Uber’s self-driving cars have been strong-armed off the road, with the California DMV yanking the vehicles’ registrations after the ride-sharing firm refused to apply for proper permits. The fleet of sixteen customized Volvo XC90 SUVs had courted controversy, after Uber first set them loose in San Francisco without bothering to secure autonomous vehicle licenses, then refused to concede to the DMV’s demands to freeze the trials. It leaves Uber’s self-driving project – and indeed the plans Volvo has for autonomous vehicles – in potential disarray.
Uber’s real-world trials were controversial from the start. Anthony Levandowski, Head of the Advanced Technology Group at Uber, announced the San Francisco phase of the project with a pre-emptive defense, indeed, of the company’s decision not to go the regular route with the California DMV. That, Levandowski said, was because of the inconsistencies Uber saw between what the Department of Motor Vehicles judges to be “autonomous” and what Uber considers “self-driving.”
Since Uber’s fleet would be monitored and supervised by a human in the driver’s seat, so the argument went, the cars wouldn’t actually be fully autonomous. That, Levandowski insisted, meant it didn’t need to apply for a California autonomous car permit, something twenty other companies – including Google and several mainstream automakers – have done. “[The] rules apply to cars that can drive without someone controlling or monitoring them,” the engineer wrote. “For us, it’s still early days and our cars are not yet ready to drive without a person monitoring them.”
The DMV did not agree, and gave Uber an ultimatum to put the project on hold while it applied for the necessary permits. Some in the industry suggested that, rather than being a matter of not thinking the cars were covered by the licensing requirements, Uber’s stance was more one of trying to maintain secrecy. Part of the DMV’s demands for autonomous trials is that participants report any incident a self-driving vehicle is involved in – no matter the fault – as well as submit yearly reports detailing every case where the systems disengaged and human drivers take over.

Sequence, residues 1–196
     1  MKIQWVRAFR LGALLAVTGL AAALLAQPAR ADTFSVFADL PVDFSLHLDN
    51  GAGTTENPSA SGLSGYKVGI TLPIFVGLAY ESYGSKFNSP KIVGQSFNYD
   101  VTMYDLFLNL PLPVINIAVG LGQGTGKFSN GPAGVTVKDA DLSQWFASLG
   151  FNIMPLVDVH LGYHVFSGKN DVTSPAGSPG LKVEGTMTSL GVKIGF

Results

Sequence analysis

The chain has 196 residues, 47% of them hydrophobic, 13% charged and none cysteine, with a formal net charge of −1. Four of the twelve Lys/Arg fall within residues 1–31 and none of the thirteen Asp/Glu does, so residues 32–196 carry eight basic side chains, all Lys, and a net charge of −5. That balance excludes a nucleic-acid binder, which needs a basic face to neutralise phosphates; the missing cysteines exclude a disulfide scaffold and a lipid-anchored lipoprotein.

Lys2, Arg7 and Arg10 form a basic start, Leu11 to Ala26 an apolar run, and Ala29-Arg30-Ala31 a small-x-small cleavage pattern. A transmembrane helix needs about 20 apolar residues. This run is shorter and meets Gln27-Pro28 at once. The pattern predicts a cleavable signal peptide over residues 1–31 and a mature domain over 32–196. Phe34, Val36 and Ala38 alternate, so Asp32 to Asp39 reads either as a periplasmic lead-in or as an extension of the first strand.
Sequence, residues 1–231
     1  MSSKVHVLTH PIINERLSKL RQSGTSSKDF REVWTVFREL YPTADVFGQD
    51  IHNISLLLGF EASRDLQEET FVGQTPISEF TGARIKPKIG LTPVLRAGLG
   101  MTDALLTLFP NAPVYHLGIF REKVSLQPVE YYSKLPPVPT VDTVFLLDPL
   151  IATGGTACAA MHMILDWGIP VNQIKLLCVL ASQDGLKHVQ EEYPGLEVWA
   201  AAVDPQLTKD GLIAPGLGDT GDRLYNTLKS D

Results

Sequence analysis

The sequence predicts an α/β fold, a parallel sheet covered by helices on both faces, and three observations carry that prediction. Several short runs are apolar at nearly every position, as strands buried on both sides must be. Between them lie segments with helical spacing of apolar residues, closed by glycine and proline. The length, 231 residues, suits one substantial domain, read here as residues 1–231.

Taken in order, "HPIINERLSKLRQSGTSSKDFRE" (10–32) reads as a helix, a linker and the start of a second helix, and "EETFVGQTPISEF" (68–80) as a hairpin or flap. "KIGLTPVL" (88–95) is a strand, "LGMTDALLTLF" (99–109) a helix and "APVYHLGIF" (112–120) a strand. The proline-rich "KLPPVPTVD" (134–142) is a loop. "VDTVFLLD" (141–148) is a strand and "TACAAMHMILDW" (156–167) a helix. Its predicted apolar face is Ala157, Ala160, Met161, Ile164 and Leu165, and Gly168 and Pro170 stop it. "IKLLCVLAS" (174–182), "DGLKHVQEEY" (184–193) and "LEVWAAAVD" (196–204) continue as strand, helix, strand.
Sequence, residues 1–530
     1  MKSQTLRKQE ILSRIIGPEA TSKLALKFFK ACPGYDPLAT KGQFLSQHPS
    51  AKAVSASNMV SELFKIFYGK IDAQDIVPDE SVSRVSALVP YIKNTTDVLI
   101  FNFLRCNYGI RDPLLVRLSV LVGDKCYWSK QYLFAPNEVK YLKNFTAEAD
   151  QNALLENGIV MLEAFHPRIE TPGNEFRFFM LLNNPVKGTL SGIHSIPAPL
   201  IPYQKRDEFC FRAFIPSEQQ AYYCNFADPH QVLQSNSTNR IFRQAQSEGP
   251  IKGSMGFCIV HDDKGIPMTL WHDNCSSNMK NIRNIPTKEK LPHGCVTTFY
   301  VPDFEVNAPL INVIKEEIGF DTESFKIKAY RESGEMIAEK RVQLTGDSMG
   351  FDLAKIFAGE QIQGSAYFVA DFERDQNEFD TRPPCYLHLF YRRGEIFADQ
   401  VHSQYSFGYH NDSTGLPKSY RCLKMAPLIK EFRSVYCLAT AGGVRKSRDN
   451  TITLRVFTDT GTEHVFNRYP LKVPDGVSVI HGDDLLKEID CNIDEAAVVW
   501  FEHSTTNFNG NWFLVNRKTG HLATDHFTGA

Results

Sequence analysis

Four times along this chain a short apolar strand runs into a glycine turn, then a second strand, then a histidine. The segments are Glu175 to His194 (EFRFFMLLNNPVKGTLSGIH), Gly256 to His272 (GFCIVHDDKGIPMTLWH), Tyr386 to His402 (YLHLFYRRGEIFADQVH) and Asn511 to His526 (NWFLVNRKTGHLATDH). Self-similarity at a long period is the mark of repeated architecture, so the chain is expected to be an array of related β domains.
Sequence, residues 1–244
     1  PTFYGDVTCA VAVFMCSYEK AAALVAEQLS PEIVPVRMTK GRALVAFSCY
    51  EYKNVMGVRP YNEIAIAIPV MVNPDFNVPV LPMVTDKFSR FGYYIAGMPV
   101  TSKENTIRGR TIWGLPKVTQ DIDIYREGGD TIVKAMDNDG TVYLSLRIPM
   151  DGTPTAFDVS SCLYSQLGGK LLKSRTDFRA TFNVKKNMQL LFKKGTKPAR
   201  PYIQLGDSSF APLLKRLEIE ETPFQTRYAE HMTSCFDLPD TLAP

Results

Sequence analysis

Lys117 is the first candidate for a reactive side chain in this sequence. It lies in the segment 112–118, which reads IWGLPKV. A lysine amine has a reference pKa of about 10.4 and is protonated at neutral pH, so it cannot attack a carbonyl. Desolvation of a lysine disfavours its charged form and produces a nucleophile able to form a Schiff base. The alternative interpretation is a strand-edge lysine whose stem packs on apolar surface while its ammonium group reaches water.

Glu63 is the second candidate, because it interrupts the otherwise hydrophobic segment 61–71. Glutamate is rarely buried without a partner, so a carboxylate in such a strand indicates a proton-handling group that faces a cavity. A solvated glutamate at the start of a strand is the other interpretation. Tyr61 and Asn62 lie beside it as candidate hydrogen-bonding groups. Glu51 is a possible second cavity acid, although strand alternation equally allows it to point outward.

Given, in just the first few days of activity, Uber’s autonomous fleet was spotted running red lights, cutting off cyclists, and breaking other road rules, that report could have ended up being considerable. Adding weight to the calls to ground the vehicles, cycling advocates in the city alleged that Uber knowingly began the project while it was unable to safely deal with certain junctions where bike lanes were present. That, they claimed, put bike users at such risk that Uber had agreed to have the human drivers take over at every such maneuver.
Even that caution wasn’t sufficient to placate the DMV, though, and the agency took the only real option it had left: tearing up Uber’s registrations for the sixteen SUVs. “Consistent with the department’s position that Uber’s vehicles are autonomous vehicles, the DMV has taken action to revoke the registration of 16 vehicles owned by Uber,” the agency said in a statement. “It was determined that the registrations were improperly issued for these vehicles because they were not properly marked as test vehicles.”